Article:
My mother, the Rebbetzin a”h, taught that
    the weekly parsha reflects upon our
    personal lives and what is happening in
    the world around us. We just have to open
    our eyes, listen to our messages, and see
    HaShem’s hand in everything that
    This week, we read parshas Ki Savo.
    “Vehayah ki savo, It will be when you will
    come.” (Devarim 26:1) The nation is
    about to enter Eretz Yisroel, the promised
    land. They are given the mitzva of
    bikkurim, bringing the first fruit to the
    When offering bikkurim, the donor would
    recall the nation’s past. The difficult days
    in Egypt, the people’s crying out to
    HaShem. “Va’nitz-ak el HaShem, They
    (the generation in Egypt) cried out to
    HaShem…, va’yishyma HaShem es
    koleinu, and HaShem heard our voice…”
    (Devarim 26:7) The offeror of bikkurim
    concludes his words by expressing
    gratitude to HaShem for bringing the
    nation to Eretz Yisroel, “Eretz zavas
    chalav u’devash, a land flowing with milk
    and honey.” (Ibid. 26:9)
    The power of prayer. A message that
    speaks to all of us… for who isn’t in need
    of HaShem’s help.

    Elul is HaShem’s gift of time to us. Vanitz-
    ak, to really cry out, and ask HaShem to

    answer our personal tefillos, and our

    prayers for the peace and well-being of our
    nation. It’s time to daven with all our heart
    and soul.
    There is a well-known chassidic teaching
    “HaMelech b’sadeh, the King is in the
    field”. During the month of Elul, HaShem
    travels, so to speak, outside of His palace
    and comes closer to us than any other time of
    the year. The time is now. HaShem is
    amongst us, more than ever. Totally
    accessible, waiting for our tefillos.
    My mother would tell a story she heard from
    her zeide about the Be’er Mayim Chayim,
    Rabbi Chayim Chernovitz zt”l (1716-1816).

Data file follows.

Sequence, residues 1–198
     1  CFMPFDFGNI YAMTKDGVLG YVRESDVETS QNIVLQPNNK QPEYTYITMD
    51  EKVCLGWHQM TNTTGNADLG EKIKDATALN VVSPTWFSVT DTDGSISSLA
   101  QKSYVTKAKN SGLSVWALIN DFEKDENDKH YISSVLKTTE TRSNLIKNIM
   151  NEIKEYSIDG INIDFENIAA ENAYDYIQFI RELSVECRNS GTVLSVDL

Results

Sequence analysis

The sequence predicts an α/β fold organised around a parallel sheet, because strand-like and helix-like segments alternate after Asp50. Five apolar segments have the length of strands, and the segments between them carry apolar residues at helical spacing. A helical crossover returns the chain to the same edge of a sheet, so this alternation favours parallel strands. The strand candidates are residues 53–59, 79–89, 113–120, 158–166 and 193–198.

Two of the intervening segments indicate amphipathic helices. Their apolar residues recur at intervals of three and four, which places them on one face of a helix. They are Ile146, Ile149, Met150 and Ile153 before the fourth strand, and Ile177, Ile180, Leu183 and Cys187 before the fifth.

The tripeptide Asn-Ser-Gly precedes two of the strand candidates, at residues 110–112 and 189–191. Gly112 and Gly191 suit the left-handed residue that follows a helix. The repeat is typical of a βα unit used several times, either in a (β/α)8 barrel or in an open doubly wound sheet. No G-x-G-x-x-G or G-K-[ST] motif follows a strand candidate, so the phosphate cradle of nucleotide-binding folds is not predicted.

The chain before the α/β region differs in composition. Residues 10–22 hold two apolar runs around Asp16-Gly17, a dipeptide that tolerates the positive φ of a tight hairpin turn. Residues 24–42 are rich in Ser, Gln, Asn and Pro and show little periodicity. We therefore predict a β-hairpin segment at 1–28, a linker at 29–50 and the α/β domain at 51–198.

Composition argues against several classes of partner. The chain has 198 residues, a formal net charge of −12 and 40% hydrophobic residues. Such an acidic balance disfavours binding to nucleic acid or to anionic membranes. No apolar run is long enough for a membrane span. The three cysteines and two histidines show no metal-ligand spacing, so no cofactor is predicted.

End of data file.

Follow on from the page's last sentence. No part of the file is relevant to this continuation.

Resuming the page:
The rov had a son that left the path of his
    father and ancestors. A delegation from the
    town decided to approach the Be’er Mayim
    Chayim and tell him that his son must leave,
    for he was a negative example upon the
    youth of the community.
    It was Chodesh Elul. The group arrived to
    the rov’s home. They were ushered in, seated
    and told to wait as the rov was davening.
    Suddenly, they heard the rov crying, pleading
    to HaShem. “HaShem, please find love,
    kindness and compassion for all of Klal
    Yisroel. They’re Your children. Please, love
    them and bless them. And, if you ask, who
    am I to say this, I will say that I have a son
    who falls and stumbles on Your path, who
    sometimes is very distant. But if someone
    would come and say ‘send him away’, I
    would fight for my son and not listen.”
    Without saying a word, the contingent rose
    and left the rov’s home.
    It’s Chodesh Elul. We turn to HaShem,
    begging him to forgive and forget. To bentch
    us with kol tuv, with all that is good. Let’s
    learn from the Be’er Mayim Chayim. To be
    accepting. Not to be judgmental. To find
    love in our hearts for others. In that z’chus,
    “va’yishma HaShem es koleinu”, as HaShem
    listened to the voices of our ancestors, we
    ask Him to listen to our voices today.